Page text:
One of the most intriguing findings was that ASV eradicated more abnormal breathing events in people with chronic insomnia than did CPAP. Due to ASV’s innovative delivery of pressurized air, this group averaged ~20% more time with fully normalized airflow than CPAP users (88% versus 68%, respectively). “This single finding strongly supports a dose-response relationship where more successful ASV treatment of a sleep breathing disorder leads to larger decreases in OSA’s sleep-disrupting effects, which in turn yields greater insomnia treatment gains,” the authors say in a release.
The results revealed OSA frequently disrupts sleep brain waves, causing chronic insomnia even when patients, doctors, and therapists report no suspicions of a breathing etiology. The highpoint of this prospective randomized controlled trial revealed superiority of adaptive servoventilation, an advanced positive airway pressure, that attained insomnia remission rates in nearly 70% of ASV users compared to only one-quarter in standard CPAP users. Theoretically, ASV offers a far more efficient treatment for insomnia than sleeping pills, as drugs have no impact on and may actually worsen sleep breathing; whereas, ASV nearly eliminates sleep-fragmenting breathing events.
Among these types of patients failing conventional therapies, treatment with any PAP mode decreases insomnia; but, notably, treatment with the advanced PAP mode known as ASV proved most efficacious among a population historically intolerant to or susceptible to failing CPAP.
Based on this representative sample of treatment-seeking chronic insomniacs, more than 2 of every 3 comparable patients in the general population are likely to have undiagnosed and untreated sleep apnea, according to the study analysis. And this fraction would be substantially higher when accounting for insomniacs with OSA but without sleep breathing risks, according to the researchers, who say that these “hidden” cases of sleep-disordered breathing may occur in another 20% of patients. In sum, roughly 80% of people with chronic insomnia also have sleep apnea, the authors say, adding that this relationship is routinely ignored, overlooked, or misperceived in the clinical setting of chronic insomnia. The demonstration of this apparent invisibility provides strong evidence to support the emerging theory that complex insomnia is both highly prevalent and vastly under-recognized.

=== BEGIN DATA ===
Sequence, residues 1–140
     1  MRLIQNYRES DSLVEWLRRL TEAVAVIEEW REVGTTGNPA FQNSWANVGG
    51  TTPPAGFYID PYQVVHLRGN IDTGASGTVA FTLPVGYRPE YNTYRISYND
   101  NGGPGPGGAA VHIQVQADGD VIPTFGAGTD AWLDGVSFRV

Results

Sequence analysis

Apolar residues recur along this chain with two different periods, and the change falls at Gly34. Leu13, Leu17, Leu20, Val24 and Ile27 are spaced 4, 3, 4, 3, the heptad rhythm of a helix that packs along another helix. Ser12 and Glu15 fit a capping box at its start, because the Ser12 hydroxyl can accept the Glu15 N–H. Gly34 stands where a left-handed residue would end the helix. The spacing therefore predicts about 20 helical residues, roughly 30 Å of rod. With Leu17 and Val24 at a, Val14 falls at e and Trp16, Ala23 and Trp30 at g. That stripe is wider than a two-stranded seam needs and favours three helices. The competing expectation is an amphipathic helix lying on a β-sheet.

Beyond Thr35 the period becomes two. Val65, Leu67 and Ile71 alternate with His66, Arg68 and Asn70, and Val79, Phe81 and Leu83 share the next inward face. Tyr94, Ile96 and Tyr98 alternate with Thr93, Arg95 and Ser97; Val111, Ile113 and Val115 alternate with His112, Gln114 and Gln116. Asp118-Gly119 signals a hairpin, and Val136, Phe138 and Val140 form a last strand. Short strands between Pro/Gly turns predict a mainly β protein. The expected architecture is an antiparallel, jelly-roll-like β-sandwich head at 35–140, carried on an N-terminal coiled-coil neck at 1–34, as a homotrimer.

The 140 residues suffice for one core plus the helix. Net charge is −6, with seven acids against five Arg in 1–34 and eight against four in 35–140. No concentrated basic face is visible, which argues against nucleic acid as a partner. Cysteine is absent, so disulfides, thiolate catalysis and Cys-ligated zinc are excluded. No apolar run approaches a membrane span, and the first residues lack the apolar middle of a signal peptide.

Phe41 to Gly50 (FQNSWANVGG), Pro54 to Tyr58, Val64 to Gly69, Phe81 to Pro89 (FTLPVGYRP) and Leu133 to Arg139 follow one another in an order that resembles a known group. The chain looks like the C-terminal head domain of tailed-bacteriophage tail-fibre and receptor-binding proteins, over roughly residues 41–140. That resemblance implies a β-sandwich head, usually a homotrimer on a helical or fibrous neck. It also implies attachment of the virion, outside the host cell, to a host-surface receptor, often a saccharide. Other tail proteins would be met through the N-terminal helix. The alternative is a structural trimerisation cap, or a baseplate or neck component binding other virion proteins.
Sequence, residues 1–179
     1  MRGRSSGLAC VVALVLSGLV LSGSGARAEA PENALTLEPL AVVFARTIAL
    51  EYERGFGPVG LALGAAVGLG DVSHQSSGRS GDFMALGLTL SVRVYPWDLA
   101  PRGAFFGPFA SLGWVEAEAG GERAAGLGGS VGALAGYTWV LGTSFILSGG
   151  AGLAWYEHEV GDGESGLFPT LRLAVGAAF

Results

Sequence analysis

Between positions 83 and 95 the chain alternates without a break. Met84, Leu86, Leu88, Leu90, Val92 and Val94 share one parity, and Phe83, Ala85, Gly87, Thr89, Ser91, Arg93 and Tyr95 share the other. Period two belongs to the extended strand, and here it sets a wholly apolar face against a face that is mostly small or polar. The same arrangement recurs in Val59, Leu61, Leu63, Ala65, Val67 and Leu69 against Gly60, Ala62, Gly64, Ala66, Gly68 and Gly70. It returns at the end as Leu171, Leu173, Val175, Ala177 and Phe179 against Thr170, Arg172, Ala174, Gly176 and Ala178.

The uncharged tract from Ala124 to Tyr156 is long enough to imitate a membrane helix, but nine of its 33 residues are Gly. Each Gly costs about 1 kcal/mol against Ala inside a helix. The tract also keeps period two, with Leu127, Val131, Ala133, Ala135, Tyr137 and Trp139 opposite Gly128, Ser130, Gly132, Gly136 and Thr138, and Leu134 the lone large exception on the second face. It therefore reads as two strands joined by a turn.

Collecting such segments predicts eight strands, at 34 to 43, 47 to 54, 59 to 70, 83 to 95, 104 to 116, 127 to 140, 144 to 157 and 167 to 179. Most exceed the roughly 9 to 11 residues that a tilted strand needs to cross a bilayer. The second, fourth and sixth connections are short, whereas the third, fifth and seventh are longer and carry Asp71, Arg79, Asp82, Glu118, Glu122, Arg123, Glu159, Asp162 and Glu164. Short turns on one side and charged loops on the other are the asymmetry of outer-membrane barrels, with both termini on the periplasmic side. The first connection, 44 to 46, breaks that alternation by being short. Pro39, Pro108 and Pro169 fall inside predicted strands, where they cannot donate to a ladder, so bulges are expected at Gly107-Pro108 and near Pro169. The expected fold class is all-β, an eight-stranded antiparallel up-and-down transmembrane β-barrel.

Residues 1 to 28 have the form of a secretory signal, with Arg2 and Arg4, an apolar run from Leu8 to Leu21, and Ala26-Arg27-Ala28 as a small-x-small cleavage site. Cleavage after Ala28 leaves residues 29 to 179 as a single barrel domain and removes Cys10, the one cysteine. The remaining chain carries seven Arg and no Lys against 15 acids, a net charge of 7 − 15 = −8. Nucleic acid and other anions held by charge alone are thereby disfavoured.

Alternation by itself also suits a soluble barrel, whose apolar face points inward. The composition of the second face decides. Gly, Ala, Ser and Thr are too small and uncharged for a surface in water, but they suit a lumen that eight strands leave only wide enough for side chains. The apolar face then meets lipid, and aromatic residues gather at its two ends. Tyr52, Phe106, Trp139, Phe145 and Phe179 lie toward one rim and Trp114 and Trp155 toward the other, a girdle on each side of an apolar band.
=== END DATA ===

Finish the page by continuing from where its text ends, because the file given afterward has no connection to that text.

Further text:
Krakow et al add that though diabetes, hypertension, heart disease, and psychiatric disorders were not investigated in this trial, the upshot of this study indicates many of these health problems, manifesting so frequently among insomnia patients, may in fact be partially aggravated by undetected sleep apnea. The confirmation of exceptionally high rates of OSA among chronic insomnia patients mandates that future studies carefully and accurately test for the presence of sleep-breathing disorders in various research cohorts.
In a release, the authors posit, “This research proposes a radical paradigm shift in how chronic insomnia must be treated as a physiological disorder triggered by the destructive effects of sleep breathing events on human brain waves. Unfortunately, contemporary practices in healthcare along with most media advertising continue to promote pharmacotherapy for chronic insomnia. Moreover, insomnia is invariably deemed a mental condition; thus, few patients undergo comprehensive consultations from sleep specialists, let alone sleep testing to diagnose OSA.
“In contrast to this mischaracterization of insomnia as a strictly psychological condition, this study conclusively shows that 80% of treatment-seeking insomniacs are suffering physiological fragmentation of their sleep and resultant chronic insomnia from undiagnosed OSA. Consequently, substantial modifications are urgently needed to insure these patients receive safer, healthier, and superior evidence-based care; namely, healthcare providers must be trained to recognize the nearly invisible connections between sleep apnea and unwanted sleeplessness, and media outlets can help inform their readers and viewers of these groundbreaking findings. Learning how to address the physical role played by underlying sleep apnea will transform the way we treat chronic insomniacs, so they too may experience the ‘sleep that knits up the raveled sleave of care.’”